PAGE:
RP: The community college program is a very important program to the overall program mix, and I think that the president is planning a major address on community colleges sometime in the very near future, a couple of months or so out in front of us. I think so. I’m not sure of the exact date, but I know that even now there’s some planning discussion about the president’s ideas on leadership in the community colleges. So rather than pre-empt a lot of the things that he’s going to say, I can announce to you that the president is going to be speaking out on the community college’s role in the entire education mix, and it’s going to be a very important role.

BI: You have had a distinguished career as a coach, administrator and professor at historically Black colleges. Has that background been helpful with this administration in terms of your influence and in terms of policies that you have been directing toward helping historically Black colleges and other minority-serving institutions?

RP: Well, I think so. It adds a voice that might not have been quite as available in the past. You’re right. My experience has been, not only as an authority person, a member of the faculty and staff of HBCUs, but also my education is due to the existence of HBCUs. Jackson State, had Jackson State not been available in Mississippi when I grew up, I might not have been able to get a college education. So I am very sensitive about this position. However, the HBCUs now are facing a very important challenge, and that challenge has to do with finding the appropriate mission mix.
You know that the HBCUs came into existence to serve a particular mission, and that mission now still exists in large measure, but many of the people who traditionally would have been served by HBCUs are now going to non-HBCU institutions. And these non-HBCU institutions are very competitive for the students who are traditionally going to these institutions. I think that President Sawyer, who was president of Texas Southern University at the time that I was a member of the faculty, who I think lead a very important initiative to redefine the mission of Texas Southern University … a mission which had to do with the urban situation that most of our people are involved in. And highlighting that particular experience, I noticed that many major institutions now are moving towards the betterment of the urban life as a part of their mission.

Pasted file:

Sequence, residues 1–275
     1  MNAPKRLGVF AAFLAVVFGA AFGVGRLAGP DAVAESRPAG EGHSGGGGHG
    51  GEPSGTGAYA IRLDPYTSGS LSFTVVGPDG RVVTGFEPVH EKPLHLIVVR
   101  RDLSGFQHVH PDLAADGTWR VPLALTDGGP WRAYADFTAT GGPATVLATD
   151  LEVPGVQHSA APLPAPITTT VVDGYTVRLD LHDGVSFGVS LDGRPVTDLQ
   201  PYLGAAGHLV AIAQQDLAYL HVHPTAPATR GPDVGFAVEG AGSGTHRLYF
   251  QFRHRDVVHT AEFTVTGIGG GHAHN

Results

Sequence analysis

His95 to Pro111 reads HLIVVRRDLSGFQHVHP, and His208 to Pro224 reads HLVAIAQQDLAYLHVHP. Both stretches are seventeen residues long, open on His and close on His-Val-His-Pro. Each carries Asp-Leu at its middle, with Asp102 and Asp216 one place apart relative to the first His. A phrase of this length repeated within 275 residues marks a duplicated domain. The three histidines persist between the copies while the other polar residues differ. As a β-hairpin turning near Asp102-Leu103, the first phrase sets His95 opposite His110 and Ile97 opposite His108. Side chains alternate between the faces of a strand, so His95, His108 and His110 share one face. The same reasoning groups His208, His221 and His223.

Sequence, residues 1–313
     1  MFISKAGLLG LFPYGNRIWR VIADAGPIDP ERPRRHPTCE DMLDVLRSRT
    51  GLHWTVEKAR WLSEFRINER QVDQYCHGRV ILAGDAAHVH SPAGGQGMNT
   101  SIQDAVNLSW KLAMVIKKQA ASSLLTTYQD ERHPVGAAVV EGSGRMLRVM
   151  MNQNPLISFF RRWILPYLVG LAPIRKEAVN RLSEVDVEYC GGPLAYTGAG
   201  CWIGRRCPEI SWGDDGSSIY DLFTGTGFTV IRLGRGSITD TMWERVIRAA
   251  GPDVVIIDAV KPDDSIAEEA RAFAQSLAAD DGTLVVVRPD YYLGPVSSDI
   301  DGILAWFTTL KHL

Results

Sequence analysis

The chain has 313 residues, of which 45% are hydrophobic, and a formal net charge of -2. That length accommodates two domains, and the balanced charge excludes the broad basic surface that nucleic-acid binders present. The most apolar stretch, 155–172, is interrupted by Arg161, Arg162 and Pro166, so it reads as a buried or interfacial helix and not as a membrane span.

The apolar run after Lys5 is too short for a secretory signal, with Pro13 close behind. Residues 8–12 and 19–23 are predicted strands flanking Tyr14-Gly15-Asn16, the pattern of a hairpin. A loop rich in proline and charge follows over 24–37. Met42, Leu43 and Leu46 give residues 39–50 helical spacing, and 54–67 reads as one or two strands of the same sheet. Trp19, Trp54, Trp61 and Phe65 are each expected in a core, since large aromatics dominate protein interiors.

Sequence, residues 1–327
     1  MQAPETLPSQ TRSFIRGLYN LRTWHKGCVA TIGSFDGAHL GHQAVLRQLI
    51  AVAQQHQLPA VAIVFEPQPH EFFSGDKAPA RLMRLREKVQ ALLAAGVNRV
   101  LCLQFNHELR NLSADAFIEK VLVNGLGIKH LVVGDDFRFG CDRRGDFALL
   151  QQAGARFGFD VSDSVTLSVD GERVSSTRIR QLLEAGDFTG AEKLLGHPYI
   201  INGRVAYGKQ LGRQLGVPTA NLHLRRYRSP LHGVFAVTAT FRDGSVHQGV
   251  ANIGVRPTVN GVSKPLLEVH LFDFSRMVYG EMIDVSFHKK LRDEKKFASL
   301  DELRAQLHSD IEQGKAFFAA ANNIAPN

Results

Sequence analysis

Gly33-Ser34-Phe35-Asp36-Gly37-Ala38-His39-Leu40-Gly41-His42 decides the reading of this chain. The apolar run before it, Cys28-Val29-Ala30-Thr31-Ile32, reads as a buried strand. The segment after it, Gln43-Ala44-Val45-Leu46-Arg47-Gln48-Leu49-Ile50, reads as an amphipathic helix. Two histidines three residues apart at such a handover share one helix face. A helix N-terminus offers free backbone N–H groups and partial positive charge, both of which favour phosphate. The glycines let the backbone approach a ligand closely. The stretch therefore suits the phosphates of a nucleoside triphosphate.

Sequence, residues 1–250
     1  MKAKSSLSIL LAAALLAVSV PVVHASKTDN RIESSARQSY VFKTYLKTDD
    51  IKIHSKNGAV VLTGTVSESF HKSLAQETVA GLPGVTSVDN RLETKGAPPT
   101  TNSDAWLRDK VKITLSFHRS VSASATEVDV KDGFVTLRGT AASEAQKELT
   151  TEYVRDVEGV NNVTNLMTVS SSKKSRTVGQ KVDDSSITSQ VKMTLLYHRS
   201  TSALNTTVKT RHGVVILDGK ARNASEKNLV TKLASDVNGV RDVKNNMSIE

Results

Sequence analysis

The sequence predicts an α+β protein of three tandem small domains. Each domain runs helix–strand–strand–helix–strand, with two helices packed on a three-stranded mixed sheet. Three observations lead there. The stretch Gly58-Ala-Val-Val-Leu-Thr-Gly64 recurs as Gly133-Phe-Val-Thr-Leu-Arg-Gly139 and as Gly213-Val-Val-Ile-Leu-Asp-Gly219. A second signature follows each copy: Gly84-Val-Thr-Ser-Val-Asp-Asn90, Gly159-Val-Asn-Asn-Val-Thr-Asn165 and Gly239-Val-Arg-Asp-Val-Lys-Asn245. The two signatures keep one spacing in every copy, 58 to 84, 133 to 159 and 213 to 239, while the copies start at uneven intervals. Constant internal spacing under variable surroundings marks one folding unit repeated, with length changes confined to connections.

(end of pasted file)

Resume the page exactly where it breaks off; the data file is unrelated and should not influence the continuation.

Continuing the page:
So my whole point is that the situation in the postsecondary education life now is becoming more and more competitive and institutions are required now to support their operations with strong and clear missions and strong and clear standards. And the HBCUs, I think, have a very important role to play, and sharpening that to make it more clear to the rest of the world so that they, too, can understand the importance of HBCUs in American education.

BI: My last question is two-part. How long do you expect to stay in the job as education secretary? And when your tenure is completed, how do you want to be remembered in terms of your impact as education secretary?

RP: I would just be very glad for this thing to last … I want to be remembered as a part of the force that caused a change in the culture of education in America. I want people to look back and notice that this is the point that there was a perceptible and clear change in the direction in terms of productivity and effectiveness and efficiency in terms of education, which provided a real opportunity to more people who otherwise would not have had it. Remember, we are doing a great job in America educating some of the children, but not enough of them, because many of them are being left behind. And so, we want to be a part of helping that group that’s being left behind catch up, and maybe even go ahead. 
What do I plan to do when my tenure here ends?  I still intend to be a voice. I intend to be a voice through writing, lecturing, maybe even a professorship somewhere. But when I look back through my career, of all the different things that I’ve done, which I’ve enjoyed, all of them, all of them have been fun, including this. This has been fun. But if I have to rank them and find out which has been the most fun, the most fun for me has been the times when I was just assigned to a classroom and teaching students, just teaching, just interacting directly with students. That’s probably, for me, the ultimate professional educational experience.

BI: Do you expect to remain in the Cabinet until this particular administration runs out?

RP: Well, this particular administration is going to be around eight years.  There’s seven more years. I am just going to finish this first term. Go all the way to the end of it. Whether I join a second one or not, will be based on how I feel and what’s next. But this is a long-term commitment. You can’t get what we’re trying to get done on the hit and miss of a short-time basis. So I made the full commitment to work until I get this done.